Do you know who owns the shopping center where you spent part of Black Friday? It might be a church.
A story in today's New York Times notes that Megachurches Add Local Economy to Their Mission:
"An analysis by The New York Times of the online public records of just over 1,300 of these giant churches shows that their business interests are as varied as basketball schools, aviation subsidiaries, investment partnerships and a limousine service.
At least 10 own and operate shopping centers, and some financially formidable congregations are adding residential developments to their holdings. …
But the entrepreneurial activities of churches pose questions for their communities that do not arise with secular development."
Rendering unto Caesar or not: One of the key questions is taxation.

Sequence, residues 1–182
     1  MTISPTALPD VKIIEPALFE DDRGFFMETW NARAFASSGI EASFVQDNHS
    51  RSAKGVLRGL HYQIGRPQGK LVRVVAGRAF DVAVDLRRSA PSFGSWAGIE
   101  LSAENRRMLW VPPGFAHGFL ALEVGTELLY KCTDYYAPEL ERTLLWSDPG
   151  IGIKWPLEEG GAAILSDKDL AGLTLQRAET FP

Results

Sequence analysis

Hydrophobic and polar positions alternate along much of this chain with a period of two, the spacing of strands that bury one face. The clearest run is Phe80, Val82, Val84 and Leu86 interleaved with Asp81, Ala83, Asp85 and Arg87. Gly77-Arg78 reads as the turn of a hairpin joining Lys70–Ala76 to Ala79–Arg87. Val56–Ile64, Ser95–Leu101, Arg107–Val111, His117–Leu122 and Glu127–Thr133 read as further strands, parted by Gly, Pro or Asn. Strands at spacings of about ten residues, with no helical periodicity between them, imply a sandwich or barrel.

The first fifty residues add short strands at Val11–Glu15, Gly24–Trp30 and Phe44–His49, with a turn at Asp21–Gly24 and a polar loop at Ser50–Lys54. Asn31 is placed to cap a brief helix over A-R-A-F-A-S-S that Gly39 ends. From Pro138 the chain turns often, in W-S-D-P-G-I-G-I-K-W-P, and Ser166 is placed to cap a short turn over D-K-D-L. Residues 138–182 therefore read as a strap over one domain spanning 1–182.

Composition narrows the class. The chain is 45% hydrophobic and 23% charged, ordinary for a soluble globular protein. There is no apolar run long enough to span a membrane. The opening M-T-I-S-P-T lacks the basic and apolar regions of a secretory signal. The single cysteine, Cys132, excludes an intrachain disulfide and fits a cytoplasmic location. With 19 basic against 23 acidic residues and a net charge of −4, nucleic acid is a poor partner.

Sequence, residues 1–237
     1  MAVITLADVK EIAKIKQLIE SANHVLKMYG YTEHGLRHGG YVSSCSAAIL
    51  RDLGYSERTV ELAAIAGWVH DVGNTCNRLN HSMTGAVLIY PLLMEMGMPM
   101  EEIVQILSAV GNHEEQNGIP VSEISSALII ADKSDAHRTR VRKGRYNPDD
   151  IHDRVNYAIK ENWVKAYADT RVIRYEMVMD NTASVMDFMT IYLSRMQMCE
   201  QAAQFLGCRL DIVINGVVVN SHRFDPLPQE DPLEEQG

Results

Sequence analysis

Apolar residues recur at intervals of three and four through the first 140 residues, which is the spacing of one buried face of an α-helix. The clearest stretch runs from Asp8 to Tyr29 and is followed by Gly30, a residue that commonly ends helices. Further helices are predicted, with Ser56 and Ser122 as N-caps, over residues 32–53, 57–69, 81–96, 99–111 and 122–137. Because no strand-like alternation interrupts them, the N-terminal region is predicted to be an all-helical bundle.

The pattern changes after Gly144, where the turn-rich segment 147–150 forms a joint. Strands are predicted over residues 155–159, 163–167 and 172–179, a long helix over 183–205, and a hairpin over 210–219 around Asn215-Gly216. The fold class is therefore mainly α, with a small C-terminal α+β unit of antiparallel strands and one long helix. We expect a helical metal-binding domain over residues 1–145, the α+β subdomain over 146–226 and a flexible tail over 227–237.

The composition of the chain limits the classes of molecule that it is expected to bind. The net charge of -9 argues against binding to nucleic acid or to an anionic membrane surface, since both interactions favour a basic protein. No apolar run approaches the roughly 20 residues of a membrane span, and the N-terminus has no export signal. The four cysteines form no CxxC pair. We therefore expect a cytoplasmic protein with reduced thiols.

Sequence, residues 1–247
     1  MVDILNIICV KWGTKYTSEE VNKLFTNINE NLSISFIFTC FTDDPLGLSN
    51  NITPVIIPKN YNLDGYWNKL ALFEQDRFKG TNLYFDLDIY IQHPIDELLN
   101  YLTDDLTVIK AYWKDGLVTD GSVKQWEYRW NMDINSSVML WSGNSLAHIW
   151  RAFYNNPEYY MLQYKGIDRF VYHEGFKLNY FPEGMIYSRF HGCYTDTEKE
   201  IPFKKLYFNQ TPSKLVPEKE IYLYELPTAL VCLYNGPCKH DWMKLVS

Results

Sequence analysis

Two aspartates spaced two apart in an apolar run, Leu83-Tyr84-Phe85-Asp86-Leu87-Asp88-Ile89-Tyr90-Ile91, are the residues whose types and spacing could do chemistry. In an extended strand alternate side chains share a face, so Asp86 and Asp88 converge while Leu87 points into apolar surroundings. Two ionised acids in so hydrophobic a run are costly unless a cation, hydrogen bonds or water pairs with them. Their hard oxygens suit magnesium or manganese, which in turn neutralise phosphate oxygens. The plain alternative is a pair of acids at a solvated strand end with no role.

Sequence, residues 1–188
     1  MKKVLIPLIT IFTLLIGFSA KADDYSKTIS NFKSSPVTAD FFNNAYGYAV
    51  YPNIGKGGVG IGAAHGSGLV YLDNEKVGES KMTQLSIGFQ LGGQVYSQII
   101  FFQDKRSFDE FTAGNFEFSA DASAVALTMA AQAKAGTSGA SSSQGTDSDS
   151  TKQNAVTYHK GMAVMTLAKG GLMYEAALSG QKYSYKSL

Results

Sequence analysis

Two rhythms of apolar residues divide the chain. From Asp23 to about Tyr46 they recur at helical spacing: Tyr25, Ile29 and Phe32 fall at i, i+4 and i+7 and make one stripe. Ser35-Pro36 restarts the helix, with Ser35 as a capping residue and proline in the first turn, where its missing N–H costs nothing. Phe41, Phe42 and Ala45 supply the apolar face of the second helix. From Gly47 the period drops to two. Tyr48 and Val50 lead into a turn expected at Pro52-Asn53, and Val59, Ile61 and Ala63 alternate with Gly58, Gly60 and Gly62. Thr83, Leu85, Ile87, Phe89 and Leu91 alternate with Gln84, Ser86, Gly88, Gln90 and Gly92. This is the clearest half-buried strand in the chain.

As the story points out, "Mixed-use projects, like shopping centers that also include church buildings, can make it difficult to determine what constitutes tax-exempt ministry work, which is granted exemptions from property and unemployment taxes, and what is taxable commerce."
The reporters talked to the business manager of a Charlotte, N.C., church that formed a for-profit property management unit for its commercial holdings. But he admits there still is some imprecision in deciding where tax-exempt church work ends and taxable commerce begins, or vice versa.
"What’s a poor tax assessor to do?" asks the story.
The equity issue: In an earlier post on this topic (Holy taxation!), I opined that a church-affiliated operation shouldn't get a tax break that an identical nonreligious one doesn't. A church's nonreligious endeavors should be treated like any other business, taxes and all.
I'll reiterate it here. Using the church as a flimsy facade for commercial gain is basically tax evasion.
Collecting taxes on church-owned enterprises that are in reality secular programs is only fair. And it in no way impedes a religious group's Constitutional right of worshiping its chosen deity in truly spiritual, and appropriately tax-exempt, ways.